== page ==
Sample Opinion/Editorial Column
"Victims' Voices: Silent No More"
Once upon a time in America, to be a crime victim was to be a nameless, faceless entity. Victims were seldom informed of the status of their offenders or cases. They were often excluded from judicial processes affecting their lives unless they were witnesses. They seldom had input into the outcome of their cases, or into holding their offenders accountable.
Fast forward to 1999, a time where crime victims not only have names and faces. They also have a powerful voice. It is the voice of the victim that helps solve criminal cases. It is the voice of the victim that offers insights into the human suffering resulting from crime. It is the voice of the victim that contributes to safety in our homes, our schools, and our neighborhoods. And it is the voice of victims that helps youthful and criminal offenders understand the impact their offenses have on their victims, their communities, their own families, and themselves.
"Victims' Voices: Silent No More." The theme for the 19th nationwide commemoration of National Crime Victims' Rights Week -- April 25 to May 1, 1999 -- emphasizes that the historical silence and shame surrounding victimization are a thing of the past. It recognizes that victims' voices have much to contribute to individual and community safety, as well as justice for all.
Today in America, there are nearly 30,000 federal and state statutes that define and protect victims' rights. Thirty-two states have elevated the protection of victims' rights through state-level constitutional amendments (including [your state], if applicable). Ten thousand victim assistance programs in our communities, as well as in our criminal and juvenile justice systems, offer greatly needed support and services to victims and witnesses of crime. All of these accomplishments have amplified victims' voices into a mighty roar for justice.
Consider for a moment what victims' voices offer. When victims report crimes, the likelihood of criminal activity decreases. Victims who come forward as witnesses in criminal and juvenile justice cases provide vital and valuable testimony that helps resolve cases. When victims are given a voice at sentencing and parole release hearings, they provide our justice system with insights into the short- and long-term effects of crime on victims, their loved ones, and our community as a whole. When victims have the opportunity to define the harm that crime causes, crime rightfully becomes personal. It becomes an offense that hurts a real person with a name, a face, a family, a job, a home.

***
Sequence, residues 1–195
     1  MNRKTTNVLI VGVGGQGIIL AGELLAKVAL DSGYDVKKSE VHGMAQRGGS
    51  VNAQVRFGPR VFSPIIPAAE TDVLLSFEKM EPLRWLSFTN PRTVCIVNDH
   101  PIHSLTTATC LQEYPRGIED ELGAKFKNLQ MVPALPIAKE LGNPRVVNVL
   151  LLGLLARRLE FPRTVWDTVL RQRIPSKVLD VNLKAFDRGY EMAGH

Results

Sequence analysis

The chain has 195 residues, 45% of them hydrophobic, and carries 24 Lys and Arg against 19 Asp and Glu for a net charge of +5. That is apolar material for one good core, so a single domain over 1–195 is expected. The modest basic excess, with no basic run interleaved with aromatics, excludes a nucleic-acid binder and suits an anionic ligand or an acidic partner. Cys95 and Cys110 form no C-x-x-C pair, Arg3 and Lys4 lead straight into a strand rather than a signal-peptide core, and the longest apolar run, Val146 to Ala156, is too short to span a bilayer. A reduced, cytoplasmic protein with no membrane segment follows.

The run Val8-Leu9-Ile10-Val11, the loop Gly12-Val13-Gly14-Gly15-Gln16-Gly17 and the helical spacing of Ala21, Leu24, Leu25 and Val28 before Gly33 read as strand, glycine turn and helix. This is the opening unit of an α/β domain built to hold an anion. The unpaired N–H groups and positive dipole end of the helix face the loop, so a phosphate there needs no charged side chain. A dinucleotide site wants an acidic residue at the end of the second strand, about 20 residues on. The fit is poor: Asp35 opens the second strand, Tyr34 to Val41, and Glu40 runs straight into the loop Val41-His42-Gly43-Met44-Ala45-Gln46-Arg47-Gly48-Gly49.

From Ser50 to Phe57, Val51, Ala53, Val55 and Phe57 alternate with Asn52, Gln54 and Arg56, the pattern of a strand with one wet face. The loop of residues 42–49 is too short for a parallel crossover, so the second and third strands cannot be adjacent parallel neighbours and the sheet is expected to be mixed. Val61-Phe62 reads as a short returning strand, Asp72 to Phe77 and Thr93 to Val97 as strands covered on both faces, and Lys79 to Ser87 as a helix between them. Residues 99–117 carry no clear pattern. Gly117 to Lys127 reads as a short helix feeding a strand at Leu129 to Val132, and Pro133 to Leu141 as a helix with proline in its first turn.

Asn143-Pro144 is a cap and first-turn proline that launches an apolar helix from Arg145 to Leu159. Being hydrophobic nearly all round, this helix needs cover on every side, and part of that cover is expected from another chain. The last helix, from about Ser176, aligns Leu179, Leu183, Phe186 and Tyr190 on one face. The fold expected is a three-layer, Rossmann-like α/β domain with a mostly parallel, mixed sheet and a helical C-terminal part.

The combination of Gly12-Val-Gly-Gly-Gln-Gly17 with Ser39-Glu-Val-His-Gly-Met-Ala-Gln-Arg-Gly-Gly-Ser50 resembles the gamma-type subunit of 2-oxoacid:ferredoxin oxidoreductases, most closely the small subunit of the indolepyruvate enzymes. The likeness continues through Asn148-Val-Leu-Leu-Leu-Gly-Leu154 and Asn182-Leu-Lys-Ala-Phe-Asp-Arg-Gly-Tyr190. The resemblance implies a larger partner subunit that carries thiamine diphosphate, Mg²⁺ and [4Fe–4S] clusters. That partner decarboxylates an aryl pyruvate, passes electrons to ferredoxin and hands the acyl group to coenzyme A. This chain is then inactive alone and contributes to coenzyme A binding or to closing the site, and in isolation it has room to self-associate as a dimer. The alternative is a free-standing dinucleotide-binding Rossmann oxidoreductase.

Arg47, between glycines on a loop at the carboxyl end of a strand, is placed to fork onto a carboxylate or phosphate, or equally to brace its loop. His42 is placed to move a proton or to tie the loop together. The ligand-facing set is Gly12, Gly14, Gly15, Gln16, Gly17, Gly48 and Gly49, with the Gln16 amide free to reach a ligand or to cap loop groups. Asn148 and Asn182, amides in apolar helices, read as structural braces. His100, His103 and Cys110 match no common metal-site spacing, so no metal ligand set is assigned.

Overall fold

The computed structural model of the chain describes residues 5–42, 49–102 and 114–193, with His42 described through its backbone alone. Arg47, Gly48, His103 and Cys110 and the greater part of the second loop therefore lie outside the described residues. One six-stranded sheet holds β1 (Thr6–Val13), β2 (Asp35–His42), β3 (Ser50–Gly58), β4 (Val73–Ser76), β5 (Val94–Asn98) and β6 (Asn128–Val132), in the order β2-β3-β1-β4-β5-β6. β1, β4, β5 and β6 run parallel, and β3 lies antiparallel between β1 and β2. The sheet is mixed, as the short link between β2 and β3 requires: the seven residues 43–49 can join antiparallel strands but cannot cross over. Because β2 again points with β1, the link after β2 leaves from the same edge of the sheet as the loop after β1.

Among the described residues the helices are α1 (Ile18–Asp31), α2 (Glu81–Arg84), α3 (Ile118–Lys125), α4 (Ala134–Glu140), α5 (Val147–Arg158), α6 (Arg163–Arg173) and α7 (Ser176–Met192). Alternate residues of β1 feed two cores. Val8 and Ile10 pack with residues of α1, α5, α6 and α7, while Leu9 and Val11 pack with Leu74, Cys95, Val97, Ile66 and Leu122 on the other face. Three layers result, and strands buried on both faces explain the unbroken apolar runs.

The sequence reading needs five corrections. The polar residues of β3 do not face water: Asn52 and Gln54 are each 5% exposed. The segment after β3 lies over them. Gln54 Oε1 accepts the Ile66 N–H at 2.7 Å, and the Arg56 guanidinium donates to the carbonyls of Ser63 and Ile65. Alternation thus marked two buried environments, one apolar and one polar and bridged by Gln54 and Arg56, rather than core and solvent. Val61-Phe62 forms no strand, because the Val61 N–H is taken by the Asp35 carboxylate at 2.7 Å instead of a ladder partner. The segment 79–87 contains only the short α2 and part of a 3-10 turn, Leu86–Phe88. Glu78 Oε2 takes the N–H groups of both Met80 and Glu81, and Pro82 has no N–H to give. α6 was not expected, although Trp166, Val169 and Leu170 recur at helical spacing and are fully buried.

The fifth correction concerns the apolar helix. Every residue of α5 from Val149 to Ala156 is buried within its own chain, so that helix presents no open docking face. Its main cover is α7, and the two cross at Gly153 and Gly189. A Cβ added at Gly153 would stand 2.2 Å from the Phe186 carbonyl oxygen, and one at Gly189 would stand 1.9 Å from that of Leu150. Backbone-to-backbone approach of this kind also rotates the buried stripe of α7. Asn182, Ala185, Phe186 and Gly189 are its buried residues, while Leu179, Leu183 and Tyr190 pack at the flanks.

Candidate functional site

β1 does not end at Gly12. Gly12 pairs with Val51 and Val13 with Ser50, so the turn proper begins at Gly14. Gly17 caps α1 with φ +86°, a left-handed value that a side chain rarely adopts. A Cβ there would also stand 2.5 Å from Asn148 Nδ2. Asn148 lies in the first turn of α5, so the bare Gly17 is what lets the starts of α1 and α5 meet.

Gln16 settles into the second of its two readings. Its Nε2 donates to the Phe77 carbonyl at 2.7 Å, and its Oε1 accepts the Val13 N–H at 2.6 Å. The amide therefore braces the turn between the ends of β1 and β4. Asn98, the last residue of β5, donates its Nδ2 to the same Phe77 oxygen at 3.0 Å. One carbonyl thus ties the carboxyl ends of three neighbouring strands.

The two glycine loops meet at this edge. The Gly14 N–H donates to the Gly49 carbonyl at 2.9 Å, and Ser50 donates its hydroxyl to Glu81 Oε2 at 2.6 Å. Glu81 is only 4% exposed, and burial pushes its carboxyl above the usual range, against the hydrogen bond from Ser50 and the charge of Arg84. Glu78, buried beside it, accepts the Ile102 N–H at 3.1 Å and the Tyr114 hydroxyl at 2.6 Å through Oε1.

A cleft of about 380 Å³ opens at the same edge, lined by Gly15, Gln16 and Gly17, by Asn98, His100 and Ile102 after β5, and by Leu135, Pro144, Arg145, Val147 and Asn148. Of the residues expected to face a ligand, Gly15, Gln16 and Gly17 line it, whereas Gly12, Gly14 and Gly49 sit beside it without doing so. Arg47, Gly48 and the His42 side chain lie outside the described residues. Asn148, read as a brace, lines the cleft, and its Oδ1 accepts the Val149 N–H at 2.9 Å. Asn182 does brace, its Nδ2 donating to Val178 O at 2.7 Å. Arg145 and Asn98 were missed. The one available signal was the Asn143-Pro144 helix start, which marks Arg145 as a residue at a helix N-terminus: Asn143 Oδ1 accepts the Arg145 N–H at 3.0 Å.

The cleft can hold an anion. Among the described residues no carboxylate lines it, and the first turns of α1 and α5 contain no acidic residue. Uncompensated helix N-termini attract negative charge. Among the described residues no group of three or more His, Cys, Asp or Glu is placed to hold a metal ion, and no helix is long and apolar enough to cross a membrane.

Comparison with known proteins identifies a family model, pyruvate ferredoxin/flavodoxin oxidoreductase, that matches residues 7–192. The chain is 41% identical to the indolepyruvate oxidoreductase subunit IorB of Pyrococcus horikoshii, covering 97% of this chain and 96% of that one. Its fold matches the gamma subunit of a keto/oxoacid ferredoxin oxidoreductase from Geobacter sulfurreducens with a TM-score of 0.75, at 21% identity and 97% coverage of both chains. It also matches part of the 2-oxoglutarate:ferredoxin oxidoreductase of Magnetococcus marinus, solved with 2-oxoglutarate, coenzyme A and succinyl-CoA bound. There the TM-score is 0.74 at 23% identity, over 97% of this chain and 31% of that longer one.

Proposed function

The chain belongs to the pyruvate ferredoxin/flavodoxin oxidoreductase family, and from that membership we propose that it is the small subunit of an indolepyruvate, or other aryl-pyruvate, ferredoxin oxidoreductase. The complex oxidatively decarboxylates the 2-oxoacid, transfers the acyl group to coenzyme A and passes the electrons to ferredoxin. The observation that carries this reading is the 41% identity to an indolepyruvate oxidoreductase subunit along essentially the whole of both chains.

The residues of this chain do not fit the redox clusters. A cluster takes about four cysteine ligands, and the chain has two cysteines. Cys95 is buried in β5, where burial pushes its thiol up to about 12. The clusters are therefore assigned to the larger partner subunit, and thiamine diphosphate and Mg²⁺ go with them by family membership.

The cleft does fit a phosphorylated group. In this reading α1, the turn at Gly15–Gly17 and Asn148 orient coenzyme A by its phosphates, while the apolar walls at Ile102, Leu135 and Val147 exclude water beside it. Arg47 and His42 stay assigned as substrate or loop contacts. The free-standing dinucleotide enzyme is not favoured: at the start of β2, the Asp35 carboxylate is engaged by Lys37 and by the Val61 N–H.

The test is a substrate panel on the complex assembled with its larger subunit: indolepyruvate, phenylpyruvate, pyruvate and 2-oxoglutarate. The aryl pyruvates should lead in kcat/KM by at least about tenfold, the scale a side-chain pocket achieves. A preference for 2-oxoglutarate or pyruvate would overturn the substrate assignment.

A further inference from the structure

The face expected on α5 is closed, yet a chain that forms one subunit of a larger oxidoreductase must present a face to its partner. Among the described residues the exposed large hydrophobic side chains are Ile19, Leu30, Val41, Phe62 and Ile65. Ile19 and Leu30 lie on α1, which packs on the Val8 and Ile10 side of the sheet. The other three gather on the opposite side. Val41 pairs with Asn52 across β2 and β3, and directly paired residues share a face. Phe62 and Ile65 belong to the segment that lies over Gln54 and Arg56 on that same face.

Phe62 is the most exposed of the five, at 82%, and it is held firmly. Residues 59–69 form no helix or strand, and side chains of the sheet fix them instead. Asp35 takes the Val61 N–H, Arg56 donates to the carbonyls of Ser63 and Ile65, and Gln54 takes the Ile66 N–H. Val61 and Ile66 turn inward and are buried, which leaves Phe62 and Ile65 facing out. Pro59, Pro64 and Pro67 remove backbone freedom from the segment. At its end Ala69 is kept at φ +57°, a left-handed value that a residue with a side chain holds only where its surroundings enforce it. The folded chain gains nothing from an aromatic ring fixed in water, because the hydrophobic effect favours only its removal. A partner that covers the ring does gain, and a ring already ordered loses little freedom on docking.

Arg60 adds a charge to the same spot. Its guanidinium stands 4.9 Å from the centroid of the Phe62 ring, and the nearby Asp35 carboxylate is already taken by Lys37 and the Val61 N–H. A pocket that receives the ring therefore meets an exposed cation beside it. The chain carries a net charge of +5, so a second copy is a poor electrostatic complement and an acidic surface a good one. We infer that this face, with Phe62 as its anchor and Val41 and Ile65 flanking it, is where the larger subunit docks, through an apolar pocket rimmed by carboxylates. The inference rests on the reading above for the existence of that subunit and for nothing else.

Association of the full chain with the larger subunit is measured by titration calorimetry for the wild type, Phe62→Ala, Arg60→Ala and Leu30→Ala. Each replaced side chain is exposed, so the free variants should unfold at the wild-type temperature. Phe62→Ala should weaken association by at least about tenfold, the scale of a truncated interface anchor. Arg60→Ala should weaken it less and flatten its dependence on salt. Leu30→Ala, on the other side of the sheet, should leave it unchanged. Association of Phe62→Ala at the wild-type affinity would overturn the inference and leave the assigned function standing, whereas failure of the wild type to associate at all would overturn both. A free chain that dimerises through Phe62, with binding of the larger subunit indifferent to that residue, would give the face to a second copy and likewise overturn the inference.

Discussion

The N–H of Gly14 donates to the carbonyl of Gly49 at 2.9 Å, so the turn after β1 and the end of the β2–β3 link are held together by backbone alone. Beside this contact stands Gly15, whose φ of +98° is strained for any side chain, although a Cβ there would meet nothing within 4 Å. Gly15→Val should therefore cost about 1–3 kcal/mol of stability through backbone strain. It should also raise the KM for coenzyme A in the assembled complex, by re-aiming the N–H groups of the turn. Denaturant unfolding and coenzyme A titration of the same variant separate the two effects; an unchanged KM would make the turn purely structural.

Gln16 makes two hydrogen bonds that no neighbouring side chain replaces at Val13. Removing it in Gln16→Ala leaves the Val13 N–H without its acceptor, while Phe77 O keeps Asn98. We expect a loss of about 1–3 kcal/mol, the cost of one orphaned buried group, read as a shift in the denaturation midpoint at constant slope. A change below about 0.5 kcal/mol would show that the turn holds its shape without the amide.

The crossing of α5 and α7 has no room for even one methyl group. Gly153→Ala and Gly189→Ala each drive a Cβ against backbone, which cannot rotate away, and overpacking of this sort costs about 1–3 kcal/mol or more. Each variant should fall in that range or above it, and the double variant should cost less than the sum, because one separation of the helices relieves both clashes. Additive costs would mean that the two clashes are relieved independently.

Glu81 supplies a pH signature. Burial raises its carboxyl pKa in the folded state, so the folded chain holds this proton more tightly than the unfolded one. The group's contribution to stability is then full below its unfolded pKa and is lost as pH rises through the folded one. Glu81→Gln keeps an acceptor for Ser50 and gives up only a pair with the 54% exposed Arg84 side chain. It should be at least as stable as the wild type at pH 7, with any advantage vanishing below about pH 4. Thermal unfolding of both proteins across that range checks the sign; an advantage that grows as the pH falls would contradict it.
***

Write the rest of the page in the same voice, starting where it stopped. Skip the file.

The voices of victims tell us of the terror and trauma that child sexual assault victims endure, often at the hands of a loved one. They offer insights into the cycle of violence that traps countless women and children in homes filled with battering and brutality. Victims' voices shed light on the often hidden crime of elder abuse, which tarnishes what should be the "golden years" for many senior citizens. Victims speaking out remind us that far too many people in America -- victims of homicide and drunk driving crashes -- can no longer speak up for their own rights.
Victims' voices have had a marked impact on community justice as well. Victims helping victims -- a core tenet of America's victim service discipline -- results in mutual support groups and peer counseling that help other victims reconstruct their lives in the aftermath of a crime. Through victim awareness classes and victim impact panels, myriad audiences -- including criminal and juvenile offenders, students and youth groups, justice professionals, and community groups -- are provided with a better understanding of the "domino effects" of crime that hurt not only individual victims, but communities and society as a whole as well. Victims' voices also have a profound impact on public policy that affects community safety, resulting in responsible laws that balance the rights of the accused with those of people hurt by crime.
(Insert a paragraph about the impact of victims' voices on your community and state, including policies, programs and services).
This is National Crime Victims' Rights Week. Here in (community) and across America, thousands of individuals and communities are joining together to celebrate the voices of victims, all that they have contributed to making our nation a better place to live, and all that they offer for a future that is fair, and a society that is safer. We invite each and every person in (community) to not only listen to the voice of victims, but to join us in a collective chorus of justice. Let your voice be heard by volunteering for victims, by lending a helping hand to a family member or friend who has been hurt by crime, and by supporting crime prevention and community safety initiatives.
Half a century ago, Winston Churchill said: "The right to speak must be earned by having something to say." Clearly, what victims have to say is vital and valuable to promoting both individual and community safety. When we listen and learn from victims, each of us can also earn the right to speak out for victims, and speak out for justice.
Provide a two-to-three description of the author's title, agency, and relevant role at the end of this opinion/editorial column.